The Golden Girls’ living situation also suggested some type of Geritol based commune. On more than one occasion, the four women referred to each other as “family,” even irking their biological relatives by doing so.

Ken [Formerly of Barbie and Ken]

    Mattel monitors the image of their flagship toy, Barbie, more viciously than the Department of Homeland Security wiretaps U.S. citizens’ phones. You can imagine their trauma when everyone from Dan Savage to People magazine asked “Has Ken Come Out?” in 1993. In that year, Mattel launched a new version of Barbie’s boyfriend. In this incarnation, known as Earring Magic Ken, the doll came with streaked hair, an earring, black hip-hugger jeans, a mesh shirt, and a lavender vest. To complete his look, Ken tossed on (what appeared to most awake observers as) a cockring dangling from his necklace.

    Mattel quickly disavowed any queer reading of Ken. Gay men, in contrast, flocked to the stores to snap up the doll.

    Mattel’s media relations director declared any queering of Ken was “outrageous” when cultural studies professor Ann DuCille interviewed her the following year. Mattel further explained away Ken’s cock ring as “adults putting their perceptions on something intended for children.” The problem being, of course, that children did not design Earring Magic Ken.

    Many have speculated that this Ken emerged as a subversion from within Mattel’s corporate hive-mind. Given the money invested in Barbie, it’s hard to believe that nobody at Mattel mentioned that the new Ken seemed, well, kinda gay. I, for one, would find it hard to believe that gay men aren’t behind-the-scenes in at least part of Barbie’s production. It would be easy to imagine them having a good laugh launching the new doll with sex paraphanalia. Then again, as DuCille points out, perhaps there is something more interesting at play if Mattel attempted to make Ken “hip” and “cool” and ended up with “gay.”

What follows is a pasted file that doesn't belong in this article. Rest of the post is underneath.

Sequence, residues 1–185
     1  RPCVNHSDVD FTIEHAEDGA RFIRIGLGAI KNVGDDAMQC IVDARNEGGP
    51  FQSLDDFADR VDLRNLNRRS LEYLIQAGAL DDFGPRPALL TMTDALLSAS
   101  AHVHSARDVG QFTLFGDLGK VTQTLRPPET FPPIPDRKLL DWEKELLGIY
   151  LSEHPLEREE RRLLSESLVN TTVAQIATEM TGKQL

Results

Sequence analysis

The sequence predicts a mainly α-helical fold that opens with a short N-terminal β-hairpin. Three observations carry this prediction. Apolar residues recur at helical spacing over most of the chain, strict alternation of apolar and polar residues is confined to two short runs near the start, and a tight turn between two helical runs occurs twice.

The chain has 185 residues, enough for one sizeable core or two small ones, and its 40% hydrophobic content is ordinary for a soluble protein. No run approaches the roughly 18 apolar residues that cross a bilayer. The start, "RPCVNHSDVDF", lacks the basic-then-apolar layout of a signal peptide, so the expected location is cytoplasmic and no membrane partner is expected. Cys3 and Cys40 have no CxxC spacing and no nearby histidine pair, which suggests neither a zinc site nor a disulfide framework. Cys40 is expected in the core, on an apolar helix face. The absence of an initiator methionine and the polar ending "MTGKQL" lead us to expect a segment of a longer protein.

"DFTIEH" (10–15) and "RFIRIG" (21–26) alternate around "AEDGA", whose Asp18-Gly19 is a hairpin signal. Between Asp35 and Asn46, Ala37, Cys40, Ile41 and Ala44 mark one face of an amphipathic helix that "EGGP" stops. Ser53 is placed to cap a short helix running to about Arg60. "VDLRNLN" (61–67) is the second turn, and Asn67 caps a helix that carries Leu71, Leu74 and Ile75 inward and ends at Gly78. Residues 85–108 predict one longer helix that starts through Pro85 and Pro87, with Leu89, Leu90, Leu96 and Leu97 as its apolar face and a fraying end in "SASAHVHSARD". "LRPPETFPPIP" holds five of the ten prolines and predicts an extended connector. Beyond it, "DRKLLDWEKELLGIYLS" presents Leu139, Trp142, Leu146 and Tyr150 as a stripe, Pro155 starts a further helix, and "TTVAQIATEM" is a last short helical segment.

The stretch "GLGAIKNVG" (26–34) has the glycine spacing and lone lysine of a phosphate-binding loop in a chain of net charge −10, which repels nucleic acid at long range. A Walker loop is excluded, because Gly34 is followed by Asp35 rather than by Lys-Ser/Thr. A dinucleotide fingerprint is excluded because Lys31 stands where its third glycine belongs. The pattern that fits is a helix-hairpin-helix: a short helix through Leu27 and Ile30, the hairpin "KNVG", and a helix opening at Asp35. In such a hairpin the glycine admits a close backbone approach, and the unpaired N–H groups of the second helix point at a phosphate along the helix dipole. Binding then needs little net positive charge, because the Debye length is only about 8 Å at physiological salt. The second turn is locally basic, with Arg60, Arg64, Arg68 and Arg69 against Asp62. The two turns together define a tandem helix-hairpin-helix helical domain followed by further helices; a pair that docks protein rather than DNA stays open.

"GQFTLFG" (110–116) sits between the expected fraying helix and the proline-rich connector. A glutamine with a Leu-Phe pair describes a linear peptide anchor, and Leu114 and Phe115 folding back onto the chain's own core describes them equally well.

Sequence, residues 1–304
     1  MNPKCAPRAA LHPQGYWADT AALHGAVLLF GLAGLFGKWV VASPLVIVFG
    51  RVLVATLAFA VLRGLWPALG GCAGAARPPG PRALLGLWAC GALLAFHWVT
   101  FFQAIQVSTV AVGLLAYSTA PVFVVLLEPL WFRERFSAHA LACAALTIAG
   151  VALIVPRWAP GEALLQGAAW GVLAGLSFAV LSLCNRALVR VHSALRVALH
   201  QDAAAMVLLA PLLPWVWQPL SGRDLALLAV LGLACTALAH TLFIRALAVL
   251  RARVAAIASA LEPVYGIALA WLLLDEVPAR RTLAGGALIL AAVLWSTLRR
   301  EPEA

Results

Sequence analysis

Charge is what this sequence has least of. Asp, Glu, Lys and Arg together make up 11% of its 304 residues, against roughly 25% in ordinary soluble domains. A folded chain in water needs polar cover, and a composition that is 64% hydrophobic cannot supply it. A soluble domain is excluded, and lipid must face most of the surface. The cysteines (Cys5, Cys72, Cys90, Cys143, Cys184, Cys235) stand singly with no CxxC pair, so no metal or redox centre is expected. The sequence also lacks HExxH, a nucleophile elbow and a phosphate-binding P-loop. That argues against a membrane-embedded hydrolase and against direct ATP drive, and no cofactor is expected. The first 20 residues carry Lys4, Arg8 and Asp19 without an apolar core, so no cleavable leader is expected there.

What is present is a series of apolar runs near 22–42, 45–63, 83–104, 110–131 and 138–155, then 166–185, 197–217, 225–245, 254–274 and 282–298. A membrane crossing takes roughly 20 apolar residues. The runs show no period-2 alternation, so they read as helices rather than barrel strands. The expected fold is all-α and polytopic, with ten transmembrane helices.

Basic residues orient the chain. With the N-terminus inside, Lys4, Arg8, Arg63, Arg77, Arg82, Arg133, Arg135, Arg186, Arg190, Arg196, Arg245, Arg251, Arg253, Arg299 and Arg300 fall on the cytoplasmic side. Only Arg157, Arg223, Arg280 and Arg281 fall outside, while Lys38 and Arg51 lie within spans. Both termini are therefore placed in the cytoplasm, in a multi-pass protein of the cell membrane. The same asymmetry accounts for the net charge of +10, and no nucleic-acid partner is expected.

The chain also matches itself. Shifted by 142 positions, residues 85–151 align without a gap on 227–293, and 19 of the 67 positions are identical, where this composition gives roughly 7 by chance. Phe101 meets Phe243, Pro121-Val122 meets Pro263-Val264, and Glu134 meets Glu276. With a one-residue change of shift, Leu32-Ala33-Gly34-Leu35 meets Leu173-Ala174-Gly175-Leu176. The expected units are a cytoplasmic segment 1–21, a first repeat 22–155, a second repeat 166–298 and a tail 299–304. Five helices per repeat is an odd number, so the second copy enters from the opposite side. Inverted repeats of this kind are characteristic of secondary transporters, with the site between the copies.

Really, though, Ken had shown his queer inclinations long before he started wearing sex toys as an accessory. Let’s face it, he spent an awfully long time dating Barbie without ever pushing her to get married. Some might attribute this to Ken’s horrific Hemingway crotch (which draws into question the practicality of his cock ring). I think, though, Ken liked the boys. He gladly went shopping with Barbie and wore almost as much pink as she did. Barbie recently dumped Ken, perhaps finally acknowledging the truth to herself.

    Remember, Ken, better latent than never.


    We can read the entire witch world as decidedly queer in this sitcom. Of course, we all remember our discussion of Uncle Arthur (GayProf will include that post on your midterm exam). Queerness in Bewitched, though, didn’t just imply same-sex desire through Arthur’s flaming personality. Rather, all of the witches expressly rejected the conformity of domestic, monogamous, heterosexual marriage.

    The producers of the t.v. show continuously implied that witches’ long term relationships were more open than heterosexual mortal marriages. Endora and Maurice clearly had a non-monogamous relationship as they both frequently mentioned being out about the galaxy with others. Somewhat later in the show, Samantha had to create massive layers of explanation and apologies for her identical cousin, Sarina, participating in a love-in.

    The witches flaunted domestic conventions and named Samantha a traitor for giving into Darrin’s demands to live in suburbia. All of the witches and warlocks showed indifference to winning Darrin or anybody’s else approval for the way they lived their lives. On almost every show, one of Samantha’s relatives declared her home a prison or, if in a more polite mood, a drudge.

    Of course, the show did not intend to celebrate the witches’ nonconformity. Instead, it used them to illustrate Samantha and Darrin’s wedded bliss. The witches’ world suggested the possibility of queer lives and sexual freedom, but it came as a mixed message. They were, after all, witches.

    This type of freedom seemed much like the queer readings of the X-Men movies (coincidentally (wink-wink), Bryan Sanger directed the first two). In that case, queer folk got the uncomfortable label of “mutants.” These types of images gave us freedom and power, but also presented the dangers of sexuality run amok. Queerness in these forms existed only on the fringe of society, among a group of secret outcasts.

Mr. Belevedere